FOP appreciates the need to balance the National Park Service’s dual missions of “protect and preserve” with “use and enjoy.” Like the NPS, we want people to actively and memorably engage with national parks throughout our nation and become the future stewards of these jewels. NPS Director Jarvis has been a champion of non-‐motorized transportation, and certainly the inspiring ‘Let’s Move’ initiative of the First Lady to reduce obesity, especially in children, is a perfect fit for the potential Grand Loop of 30 miles of pathways in GTNP and Jackson Hole. The only missing link in this loop is the approximately 7 miles along the Moose-‐Wilson Corridor. The National Park Service’s success story of pathways in GTNP could be profiled perfectly as a winning part of the ‘Let’s Move’ program and would clearly be aligned with Director Jarvis’ support of non-‐motorized access to National Parks.
In GTNP’s setting adjacent to the gateway communities of Jackson, Wilson, and Teton Village, we believe a complete pathway within the Moose-‐Wilson Road Corridor is an important alternative for GTNP. We strongly urge you to study an alternative that would provide a complete, adjacent, but separate pathway in the forthcoming Draft Environmental Impact Statement. This improvement is needed for public safety, and would advance the goals of the Centennial Initiative for pathways by alleviating traffic congestion and sparking philanthropy and partnerships with gateway communities. If vehicular traffic is a problem, as is the case with respect to safe non-‐motorized passage through the Moose-‐Wilson Corridor, people on foot, bicycle, and in wheelchairs on a separated pathway are part of the overall solution.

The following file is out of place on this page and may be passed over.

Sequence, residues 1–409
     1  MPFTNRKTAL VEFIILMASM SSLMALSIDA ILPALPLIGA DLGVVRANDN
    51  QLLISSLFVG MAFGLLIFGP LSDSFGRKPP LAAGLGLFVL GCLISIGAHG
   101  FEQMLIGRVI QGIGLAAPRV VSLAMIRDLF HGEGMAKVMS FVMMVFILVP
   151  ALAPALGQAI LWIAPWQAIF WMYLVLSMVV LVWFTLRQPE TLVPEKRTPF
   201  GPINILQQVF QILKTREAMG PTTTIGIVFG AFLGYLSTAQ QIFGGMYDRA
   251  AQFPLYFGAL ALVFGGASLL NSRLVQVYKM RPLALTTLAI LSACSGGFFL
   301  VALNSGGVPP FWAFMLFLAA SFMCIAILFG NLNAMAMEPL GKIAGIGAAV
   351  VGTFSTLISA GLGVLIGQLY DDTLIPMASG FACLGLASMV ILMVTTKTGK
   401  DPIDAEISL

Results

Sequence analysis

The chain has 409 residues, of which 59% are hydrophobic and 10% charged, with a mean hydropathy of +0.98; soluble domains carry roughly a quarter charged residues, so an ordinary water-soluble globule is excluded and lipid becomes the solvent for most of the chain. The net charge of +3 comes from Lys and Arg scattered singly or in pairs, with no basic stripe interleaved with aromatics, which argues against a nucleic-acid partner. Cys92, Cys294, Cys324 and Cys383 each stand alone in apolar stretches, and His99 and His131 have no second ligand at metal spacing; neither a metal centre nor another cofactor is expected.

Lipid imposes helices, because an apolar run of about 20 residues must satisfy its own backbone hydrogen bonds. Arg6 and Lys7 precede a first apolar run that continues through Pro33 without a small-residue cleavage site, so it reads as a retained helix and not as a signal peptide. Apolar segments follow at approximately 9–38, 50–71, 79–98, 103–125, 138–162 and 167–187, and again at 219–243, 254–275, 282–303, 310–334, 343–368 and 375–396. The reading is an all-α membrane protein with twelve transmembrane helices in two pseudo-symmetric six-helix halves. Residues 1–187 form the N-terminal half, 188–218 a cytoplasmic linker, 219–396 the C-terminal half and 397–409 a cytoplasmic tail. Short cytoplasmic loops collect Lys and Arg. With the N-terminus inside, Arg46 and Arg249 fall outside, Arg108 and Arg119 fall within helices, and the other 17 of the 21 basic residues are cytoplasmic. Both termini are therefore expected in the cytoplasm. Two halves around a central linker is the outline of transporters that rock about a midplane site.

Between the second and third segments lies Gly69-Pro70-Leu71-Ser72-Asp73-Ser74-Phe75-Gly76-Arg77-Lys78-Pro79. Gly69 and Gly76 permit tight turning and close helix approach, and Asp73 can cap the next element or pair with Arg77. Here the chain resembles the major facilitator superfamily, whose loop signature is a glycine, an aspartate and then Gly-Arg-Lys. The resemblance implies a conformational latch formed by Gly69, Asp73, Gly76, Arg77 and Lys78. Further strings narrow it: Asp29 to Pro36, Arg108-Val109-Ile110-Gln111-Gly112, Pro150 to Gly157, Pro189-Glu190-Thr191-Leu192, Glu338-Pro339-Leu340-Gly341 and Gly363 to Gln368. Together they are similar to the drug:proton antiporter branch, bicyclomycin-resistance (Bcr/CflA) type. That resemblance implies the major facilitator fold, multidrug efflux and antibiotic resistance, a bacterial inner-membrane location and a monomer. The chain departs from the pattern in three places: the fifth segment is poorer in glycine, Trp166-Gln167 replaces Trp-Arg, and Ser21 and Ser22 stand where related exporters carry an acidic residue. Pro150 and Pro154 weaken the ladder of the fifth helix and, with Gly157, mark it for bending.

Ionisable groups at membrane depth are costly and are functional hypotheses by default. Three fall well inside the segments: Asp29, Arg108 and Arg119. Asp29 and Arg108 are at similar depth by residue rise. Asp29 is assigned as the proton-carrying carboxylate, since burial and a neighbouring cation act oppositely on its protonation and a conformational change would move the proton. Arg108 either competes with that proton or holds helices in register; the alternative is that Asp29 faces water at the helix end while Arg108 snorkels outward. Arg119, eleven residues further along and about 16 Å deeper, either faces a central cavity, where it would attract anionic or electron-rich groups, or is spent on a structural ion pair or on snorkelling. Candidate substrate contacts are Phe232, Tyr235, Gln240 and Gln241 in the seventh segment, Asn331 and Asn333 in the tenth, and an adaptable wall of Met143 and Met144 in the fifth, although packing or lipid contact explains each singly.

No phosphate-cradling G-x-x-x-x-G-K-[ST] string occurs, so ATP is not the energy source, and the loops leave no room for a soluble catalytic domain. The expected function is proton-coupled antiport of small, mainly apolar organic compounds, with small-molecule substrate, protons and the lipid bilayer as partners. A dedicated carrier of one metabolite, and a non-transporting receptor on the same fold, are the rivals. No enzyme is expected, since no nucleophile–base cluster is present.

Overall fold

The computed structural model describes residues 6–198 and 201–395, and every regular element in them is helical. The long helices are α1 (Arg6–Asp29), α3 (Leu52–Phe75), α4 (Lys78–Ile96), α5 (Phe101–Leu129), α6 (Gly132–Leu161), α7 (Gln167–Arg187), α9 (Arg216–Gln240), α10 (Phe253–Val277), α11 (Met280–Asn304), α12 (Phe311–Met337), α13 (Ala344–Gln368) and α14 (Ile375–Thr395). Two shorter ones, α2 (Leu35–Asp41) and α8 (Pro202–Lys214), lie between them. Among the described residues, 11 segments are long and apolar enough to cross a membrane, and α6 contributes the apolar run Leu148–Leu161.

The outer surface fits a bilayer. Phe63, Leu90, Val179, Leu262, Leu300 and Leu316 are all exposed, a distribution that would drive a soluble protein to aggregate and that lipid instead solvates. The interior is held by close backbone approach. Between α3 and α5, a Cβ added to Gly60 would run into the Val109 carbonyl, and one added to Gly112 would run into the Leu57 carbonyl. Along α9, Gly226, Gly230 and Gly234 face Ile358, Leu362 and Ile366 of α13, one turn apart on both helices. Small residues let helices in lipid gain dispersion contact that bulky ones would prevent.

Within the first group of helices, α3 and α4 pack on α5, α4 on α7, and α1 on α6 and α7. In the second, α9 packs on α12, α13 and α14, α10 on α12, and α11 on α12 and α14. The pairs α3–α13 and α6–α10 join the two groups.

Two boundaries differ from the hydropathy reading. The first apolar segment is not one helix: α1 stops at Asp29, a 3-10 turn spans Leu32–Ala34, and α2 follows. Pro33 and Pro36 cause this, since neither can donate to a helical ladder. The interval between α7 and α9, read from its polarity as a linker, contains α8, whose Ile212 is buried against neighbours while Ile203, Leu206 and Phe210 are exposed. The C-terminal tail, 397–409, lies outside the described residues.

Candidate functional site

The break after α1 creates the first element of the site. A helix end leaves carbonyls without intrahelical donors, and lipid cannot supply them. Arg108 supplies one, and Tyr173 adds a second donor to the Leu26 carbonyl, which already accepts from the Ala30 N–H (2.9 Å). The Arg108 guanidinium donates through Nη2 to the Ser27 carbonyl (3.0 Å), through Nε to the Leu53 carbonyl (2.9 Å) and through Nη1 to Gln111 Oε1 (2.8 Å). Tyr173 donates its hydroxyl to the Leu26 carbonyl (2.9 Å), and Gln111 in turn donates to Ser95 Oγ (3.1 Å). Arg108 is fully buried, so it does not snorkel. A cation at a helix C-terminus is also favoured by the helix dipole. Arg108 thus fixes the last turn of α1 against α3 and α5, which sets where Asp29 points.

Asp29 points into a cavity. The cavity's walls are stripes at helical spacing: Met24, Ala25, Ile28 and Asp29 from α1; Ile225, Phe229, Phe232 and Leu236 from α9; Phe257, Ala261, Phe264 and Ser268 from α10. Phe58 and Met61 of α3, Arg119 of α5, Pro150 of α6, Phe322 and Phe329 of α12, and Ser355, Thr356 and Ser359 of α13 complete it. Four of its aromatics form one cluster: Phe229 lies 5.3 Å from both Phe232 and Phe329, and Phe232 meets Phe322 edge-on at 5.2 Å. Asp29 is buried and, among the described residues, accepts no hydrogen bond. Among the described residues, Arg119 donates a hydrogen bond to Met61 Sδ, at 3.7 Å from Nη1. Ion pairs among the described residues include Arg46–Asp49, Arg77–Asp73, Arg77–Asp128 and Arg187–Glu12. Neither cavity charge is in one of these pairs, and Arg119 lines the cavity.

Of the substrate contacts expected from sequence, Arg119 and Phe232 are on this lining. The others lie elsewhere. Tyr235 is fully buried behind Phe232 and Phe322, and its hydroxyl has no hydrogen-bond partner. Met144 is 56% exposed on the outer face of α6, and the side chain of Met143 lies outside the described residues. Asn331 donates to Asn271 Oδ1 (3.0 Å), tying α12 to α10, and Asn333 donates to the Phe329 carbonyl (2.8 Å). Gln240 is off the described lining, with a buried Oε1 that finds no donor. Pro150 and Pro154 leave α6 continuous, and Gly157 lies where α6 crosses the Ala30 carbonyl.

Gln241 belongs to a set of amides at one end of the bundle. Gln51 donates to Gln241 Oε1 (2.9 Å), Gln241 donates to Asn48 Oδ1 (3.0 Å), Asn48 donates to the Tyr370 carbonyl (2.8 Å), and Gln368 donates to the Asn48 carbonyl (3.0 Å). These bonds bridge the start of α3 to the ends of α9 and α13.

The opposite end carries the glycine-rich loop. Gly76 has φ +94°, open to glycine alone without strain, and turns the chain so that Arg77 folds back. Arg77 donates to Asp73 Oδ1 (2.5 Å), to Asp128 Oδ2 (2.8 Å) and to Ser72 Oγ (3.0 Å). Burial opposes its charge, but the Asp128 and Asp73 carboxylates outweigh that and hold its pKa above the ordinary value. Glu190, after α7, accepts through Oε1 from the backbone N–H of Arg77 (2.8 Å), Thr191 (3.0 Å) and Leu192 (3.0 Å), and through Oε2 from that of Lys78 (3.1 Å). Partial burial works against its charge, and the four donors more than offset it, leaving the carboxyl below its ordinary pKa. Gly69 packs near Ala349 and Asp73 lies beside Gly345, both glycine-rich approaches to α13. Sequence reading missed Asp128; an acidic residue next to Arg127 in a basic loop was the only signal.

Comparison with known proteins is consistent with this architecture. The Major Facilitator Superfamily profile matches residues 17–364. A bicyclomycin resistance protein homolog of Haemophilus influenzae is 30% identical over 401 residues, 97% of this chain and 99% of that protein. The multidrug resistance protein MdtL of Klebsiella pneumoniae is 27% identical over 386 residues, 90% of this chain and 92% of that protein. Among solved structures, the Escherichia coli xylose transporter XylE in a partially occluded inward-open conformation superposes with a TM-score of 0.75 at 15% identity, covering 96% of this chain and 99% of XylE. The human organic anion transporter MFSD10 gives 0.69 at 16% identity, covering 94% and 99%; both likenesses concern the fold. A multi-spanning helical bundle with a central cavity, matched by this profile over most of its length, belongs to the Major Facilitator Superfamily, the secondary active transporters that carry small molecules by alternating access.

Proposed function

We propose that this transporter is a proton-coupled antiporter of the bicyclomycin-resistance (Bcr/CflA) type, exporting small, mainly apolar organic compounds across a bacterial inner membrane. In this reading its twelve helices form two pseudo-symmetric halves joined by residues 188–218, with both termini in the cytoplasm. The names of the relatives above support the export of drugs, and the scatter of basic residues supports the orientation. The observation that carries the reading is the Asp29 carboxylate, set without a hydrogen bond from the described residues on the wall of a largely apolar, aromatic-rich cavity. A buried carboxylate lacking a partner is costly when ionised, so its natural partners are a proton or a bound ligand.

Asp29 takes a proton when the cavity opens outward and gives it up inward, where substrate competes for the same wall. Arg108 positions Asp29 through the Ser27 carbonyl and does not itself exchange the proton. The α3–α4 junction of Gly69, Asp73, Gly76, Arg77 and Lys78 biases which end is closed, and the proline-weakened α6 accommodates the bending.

2007 GTNP Transportation Plan FEIS
The 2007 Grand Teton National Park Transportation Plan FEIS was seen as a model for pathways and transit that could be used not only in GTNP, but also in other parks. The incredible success of these pathways, from their first full season of use in 2009 to the present time, should have been part of the scoping issued by the park for the Moose-‐Wilson Corridor. We were disappointed that no mention of the public’s good experience and wildlife compatibility with pathways was included in the scoping questions. We were further surprised and disappointed to notice the 2007 FEIS Record of Decision that approved a pathway on the southern half of the Moose-‐Wilson Road was not cited. The scoping notice fails to give the public clear information of the existing conditions and what approvals already exist.
We were also concerned as to why the Notice of Intent and the scoping information failed to give the public some ideas as to what the park was proposing for an action, why, and to what purpose. Consequently it was difficult for FOP to provide much information or comment on the topics, scope, and methods of analyses necessary to go forward. We also had some difficulty in understanding what existing public approvals would remain in force and what new approvals might be considered in the future.
If subsequent scoping efforts are undertaken or being contemplated, we ask you to fully include pathways as part of that effort. We ask that you respond to the significant input you are surely receiving about pathways in this scoping process, including this comment, by fully including pathways analyses, and existing pathways-‐related investigations, in the next steps of this NEPA process.
We also ask you to reincorporate GTNP’s own language and stated intent for the 2016 Centennial Initiative. There is an opportunity to complete the pathway from the Granite Entrance to Moose and perhaps name it the National Park Service Centennial Trail. Doing so would fittingly acknowledge the hard-‐earned success the NPS has achieved throughout our country in balancing conservation with visitor safety and enjoyment. A pathway in the Moose-‐Wilson Corridor is a challenge the NPS can meet at a high standard; this new pathway, together with the existing pathways in GTNP, will inspire other NPS managers and their supporters.